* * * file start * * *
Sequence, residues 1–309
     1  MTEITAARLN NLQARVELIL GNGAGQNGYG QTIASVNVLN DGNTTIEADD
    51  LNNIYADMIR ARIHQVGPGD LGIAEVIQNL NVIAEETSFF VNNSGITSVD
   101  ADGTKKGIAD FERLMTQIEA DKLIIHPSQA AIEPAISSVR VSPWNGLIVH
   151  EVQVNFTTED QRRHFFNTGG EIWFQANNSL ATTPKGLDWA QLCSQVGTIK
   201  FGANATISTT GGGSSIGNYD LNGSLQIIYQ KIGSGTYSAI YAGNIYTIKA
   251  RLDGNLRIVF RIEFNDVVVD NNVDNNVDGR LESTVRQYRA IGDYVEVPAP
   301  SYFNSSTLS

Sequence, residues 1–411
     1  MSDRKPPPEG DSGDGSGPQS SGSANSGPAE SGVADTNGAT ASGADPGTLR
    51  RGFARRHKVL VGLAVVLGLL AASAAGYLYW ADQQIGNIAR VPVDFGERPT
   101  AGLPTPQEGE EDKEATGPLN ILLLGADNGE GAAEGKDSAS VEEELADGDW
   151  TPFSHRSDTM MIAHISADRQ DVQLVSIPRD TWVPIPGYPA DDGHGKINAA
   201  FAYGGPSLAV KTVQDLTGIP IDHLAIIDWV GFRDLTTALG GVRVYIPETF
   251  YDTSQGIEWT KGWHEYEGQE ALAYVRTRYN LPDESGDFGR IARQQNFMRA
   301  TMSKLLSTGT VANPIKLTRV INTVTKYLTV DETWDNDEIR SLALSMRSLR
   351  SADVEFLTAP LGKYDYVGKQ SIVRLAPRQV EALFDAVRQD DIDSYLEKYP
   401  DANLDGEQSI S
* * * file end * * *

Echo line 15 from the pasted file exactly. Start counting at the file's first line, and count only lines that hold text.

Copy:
   251  YDTSQGIEWT KGWHEYEGQE ALAYVRTRYN LPDESGDFGR IARQQNFMRA